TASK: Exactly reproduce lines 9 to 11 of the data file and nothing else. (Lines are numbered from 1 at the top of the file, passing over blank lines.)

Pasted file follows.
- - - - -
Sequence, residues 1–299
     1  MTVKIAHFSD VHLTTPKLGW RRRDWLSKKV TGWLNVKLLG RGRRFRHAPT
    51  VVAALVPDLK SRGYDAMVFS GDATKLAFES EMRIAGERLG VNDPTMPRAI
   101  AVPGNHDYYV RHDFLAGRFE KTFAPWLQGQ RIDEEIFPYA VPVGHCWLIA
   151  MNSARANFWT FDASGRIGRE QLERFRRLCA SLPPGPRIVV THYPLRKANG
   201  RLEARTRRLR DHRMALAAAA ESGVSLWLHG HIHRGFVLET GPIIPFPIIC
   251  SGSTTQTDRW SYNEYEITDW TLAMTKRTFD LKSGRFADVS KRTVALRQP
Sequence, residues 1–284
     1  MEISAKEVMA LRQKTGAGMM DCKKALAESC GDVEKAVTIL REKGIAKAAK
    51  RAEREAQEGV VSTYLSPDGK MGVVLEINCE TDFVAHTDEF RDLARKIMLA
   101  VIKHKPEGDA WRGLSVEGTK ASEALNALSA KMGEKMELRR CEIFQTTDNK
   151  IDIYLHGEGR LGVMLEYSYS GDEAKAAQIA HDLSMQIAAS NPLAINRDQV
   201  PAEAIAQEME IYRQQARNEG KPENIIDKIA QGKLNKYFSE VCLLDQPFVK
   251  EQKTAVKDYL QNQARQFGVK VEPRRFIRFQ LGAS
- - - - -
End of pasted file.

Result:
     1  MEISAKEVMA LRQKTGAGMM DCKKALAESC GDVEKAVTIL REKGIAKAAK
    51  RAEREAQEGV VSTYLSPDGK MGVVLEINCE TDFVAHTDEF RDLARKIMLA
   101  VIKHKPEGDA WRGLSVEGTK ASEALNALSA KMGEKMELRR CEIFQTTDNK